“What we’re seeing is higher demand and lower supply in those areas,” Block said.
“Our cruise partners are trying to figure out how to get their ships into places where they can make more money out of every sailing day,” said Expedia’s Kammerer. “We’re seeing more dedication to Europe and Alaska and you see people trying to seasonally extend their position away from the Caribbean.”
Kammerer also predicted an increase in Canada/New England sailings.
Gary Stevens, director of the leisure division for corporate travel agency Ultramar Travel Management, said he’s finding it more difficult to get good Alaska space later in the year, which is a testament to that destination’s popularity – and short season. “It used to be very easy only a few years ago,” Stevens said. Another destination that is ramping up in popularity, Stevens said, is South America, especially on the luxury side.
Barry Jaffe, a travel agent at Cruise Connection in Coral Springs, Florida, agrees that South America’s popularity will continue to grow. “It’s a wonderful destination for people who are interested in taking longer luxury cruises,” Jaffe said.
Mexico will likely lose footing in 2006 in the wake of last year’s Hurricane Wilma, which devastated parts of the country’s Yucatan Peninsula, said Jaffe.
“People are staying away from Mexico,” Jaffe said. “The ports aren’t even really ready for tourists yet. I’d agree that there is an upswing in demand for Europe
and Med cruises.”
And then there’s Hawaii, which is dominated by NCL America, which got off to a rocky start at its launch but has recently enjoyed positive passenger reaction, said Stevens at Ultramar.
“Hawaii is very popular despite people in some cases having to travel pretty far to get there,” Stevens said.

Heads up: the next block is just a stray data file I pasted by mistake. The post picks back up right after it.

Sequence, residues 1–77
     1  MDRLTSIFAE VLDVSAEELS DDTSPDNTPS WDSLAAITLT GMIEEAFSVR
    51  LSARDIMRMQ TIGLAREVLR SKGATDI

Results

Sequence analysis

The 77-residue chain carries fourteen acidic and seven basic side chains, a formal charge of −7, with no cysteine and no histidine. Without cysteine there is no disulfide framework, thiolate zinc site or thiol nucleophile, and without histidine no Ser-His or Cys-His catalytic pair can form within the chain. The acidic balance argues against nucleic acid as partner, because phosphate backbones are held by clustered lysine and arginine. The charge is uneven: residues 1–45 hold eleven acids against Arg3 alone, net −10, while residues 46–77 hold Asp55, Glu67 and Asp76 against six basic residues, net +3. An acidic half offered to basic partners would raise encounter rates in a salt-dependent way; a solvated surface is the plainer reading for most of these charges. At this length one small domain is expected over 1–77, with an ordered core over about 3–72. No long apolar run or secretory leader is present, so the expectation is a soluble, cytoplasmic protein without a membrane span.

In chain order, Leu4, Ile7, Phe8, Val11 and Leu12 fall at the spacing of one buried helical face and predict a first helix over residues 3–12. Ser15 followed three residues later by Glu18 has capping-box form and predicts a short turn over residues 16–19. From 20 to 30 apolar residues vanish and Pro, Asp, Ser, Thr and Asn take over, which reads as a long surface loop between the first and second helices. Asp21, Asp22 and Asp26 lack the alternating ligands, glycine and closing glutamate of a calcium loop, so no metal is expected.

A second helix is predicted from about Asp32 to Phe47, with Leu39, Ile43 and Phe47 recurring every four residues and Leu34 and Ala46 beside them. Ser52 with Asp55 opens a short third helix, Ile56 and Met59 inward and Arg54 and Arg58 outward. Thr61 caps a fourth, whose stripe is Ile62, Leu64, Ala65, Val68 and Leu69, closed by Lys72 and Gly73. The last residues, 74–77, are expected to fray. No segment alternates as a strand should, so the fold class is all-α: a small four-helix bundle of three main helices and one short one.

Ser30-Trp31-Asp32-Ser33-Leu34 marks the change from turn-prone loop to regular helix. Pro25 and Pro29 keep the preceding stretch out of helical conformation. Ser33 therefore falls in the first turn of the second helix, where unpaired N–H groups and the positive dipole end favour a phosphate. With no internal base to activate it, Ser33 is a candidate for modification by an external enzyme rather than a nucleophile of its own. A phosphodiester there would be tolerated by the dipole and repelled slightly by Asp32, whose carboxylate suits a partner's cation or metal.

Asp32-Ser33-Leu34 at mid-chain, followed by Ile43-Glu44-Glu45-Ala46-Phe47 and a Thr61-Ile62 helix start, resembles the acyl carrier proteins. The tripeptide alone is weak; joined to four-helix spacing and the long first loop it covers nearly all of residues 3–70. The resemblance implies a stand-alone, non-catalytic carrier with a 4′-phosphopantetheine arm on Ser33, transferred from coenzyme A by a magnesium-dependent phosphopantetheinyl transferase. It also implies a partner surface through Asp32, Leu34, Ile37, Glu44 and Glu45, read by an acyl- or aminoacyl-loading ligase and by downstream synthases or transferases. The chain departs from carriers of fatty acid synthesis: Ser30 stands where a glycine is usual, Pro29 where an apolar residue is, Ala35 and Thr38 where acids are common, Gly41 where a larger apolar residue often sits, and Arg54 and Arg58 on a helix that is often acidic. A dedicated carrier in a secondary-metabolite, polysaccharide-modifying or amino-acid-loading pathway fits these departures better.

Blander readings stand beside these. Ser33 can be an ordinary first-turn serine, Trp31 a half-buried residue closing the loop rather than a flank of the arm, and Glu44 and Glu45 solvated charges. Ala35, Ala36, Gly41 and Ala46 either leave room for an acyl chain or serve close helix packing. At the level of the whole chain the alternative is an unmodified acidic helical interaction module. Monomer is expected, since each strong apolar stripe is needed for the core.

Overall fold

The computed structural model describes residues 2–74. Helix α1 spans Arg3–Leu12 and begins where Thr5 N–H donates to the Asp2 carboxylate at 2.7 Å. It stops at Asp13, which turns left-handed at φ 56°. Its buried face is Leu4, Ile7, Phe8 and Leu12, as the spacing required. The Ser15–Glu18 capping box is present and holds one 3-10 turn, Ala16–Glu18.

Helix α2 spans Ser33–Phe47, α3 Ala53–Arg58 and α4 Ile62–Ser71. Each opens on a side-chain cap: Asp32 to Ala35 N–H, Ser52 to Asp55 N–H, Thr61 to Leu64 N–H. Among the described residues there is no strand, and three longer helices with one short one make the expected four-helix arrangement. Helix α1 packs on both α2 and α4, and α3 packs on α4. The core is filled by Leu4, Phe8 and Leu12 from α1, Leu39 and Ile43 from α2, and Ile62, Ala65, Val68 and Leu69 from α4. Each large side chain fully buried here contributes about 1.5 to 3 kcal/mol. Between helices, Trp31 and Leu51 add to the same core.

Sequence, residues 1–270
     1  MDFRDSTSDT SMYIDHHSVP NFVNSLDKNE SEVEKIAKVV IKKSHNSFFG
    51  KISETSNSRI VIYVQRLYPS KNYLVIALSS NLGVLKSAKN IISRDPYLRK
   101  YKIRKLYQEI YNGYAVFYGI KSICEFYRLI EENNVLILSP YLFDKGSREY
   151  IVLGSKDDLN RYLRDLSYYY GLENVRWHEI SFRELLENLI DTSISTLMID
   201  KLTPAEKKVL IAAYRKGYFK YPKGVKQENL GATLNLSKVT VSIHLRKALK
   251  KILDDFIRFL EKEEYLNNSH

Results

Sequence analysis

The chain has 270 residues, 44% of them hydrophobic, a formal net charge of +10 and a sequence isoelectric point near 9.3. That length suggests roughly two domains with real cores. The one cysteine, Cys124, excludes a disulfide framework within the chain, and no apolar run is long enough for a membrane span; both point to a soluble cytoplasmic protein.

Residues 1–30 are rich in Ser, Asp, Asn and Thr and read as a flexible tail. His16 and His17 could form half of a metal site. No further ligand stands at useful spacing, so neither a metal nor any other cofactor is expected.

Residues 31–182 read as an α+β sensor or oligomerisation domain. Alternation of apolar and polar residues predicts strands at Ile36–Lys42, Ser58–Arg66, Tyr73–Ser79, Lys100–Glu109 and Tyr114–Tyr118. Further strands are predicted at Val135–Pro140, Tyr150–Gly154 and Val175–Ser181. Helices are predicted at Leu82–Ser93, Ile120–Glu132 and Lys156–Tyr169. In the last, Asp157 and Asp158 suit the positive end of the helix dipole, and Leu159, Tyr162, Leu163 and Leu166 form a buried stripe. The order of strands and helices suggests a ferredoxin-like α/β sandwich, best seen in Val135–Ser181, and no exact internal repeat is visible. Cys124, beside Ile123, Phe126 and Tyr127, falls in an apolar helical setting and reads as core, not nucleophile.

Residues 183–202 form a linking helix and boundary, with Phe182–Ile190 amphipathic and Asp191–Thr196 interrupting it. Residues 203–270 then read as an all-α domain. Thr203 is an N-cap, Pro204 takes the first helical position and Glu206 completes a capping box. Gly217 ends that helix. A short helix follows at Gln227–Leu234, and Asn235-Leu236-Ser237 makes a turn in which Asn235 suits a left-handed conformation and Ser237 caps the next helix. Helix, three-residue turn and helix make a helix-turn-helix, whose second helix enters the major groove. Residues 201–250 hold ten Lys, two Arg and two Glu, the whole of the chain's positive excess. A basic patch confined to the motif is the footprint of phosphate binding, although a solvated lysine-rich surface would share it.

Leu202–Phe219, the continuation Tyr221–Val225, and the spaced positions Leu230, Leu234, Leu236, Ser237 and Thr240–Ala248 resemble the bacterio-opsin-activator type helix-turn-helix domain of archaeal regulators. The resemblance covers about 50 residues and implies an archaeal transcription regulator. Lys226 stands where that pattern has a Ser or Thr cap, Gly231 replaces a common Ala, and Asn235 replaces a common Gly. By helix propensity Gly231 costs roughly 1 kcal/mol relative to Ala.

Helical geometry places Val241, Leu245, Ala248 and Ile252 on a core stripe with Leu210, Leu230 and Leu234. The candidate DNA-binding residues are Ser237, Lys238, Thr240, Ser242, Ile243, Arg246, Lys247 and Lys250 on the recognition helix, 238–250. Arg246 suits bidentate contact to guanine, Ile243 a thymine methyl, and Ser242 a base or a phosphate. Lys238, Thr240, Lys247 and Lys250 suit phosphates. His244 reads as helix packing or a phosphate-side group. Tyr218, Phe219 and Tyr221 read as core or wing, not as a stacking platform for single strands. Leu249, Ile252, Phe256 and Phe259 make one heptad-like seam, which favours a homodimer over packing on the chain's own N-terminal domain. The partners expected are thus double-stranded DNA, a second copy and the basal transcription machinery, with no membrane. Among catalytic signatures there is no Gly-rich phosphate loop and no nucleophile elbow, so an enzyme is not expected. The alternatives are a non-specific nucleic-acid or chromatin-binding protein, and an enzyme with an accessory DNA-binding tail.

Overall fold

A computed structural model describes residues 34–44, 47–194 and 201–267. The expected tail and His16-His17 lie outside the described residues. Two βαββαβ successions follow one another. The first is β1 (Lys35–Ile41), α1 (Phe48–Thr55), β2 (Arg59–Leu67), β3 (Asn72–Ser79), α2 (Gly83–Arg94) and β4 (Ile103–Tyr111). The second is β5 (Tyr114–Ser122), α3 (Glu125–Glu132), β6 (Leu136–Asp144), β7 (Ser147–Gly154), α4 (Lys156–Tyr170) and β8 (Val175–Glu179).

Having said that, homeports across the United States are enjoying a strong foothold, said CWTA’s Block.
“The convenience for the consumer to drive an hour or less to depart on a cruise is bearing that out, even for winter cruises,” Block said. “From the consumer’s perspective and experience, i f you don’t have to go to the airport, there’s a lot less to worry about, regarding baggage and so on.”
Homeports also attract first-time cruisers to “starter” destinations like the Caribbean, Block said. “The vast majority will still take their first cruise in the Caribbean,” he noted. “The price point is much lower, but we also find that after three, four or five times in the Caribbean, people don’t want to go there – though the region will always have a huge allure if only for people trying to escape the cold in the winter.”
Longer Cruises Gaining in Popularity
Another trend agents are seeing is a move toward longer cruises.
“The law of averages for capacity state that you’re going to see a natmal progression toward longer cruises,” said Travelocity’s Sheets. “Nobody’s walked away from the three-day market yet, but there are simply more ships to do more things with.”
On the luxury side, there is a steady increase in the world cruise market. Sheets said, noting that passengers are already starting to book world-cruise
segments for 2007.
Expedia’s Kammerer agrees with Sheets. “The five- to nine-day rotation and 14-day cruises are attracting bigger interest,” he said. “That’s a change that is reflecting increased capacity and offering varying lengths to meet overall households’ planning capabilities.”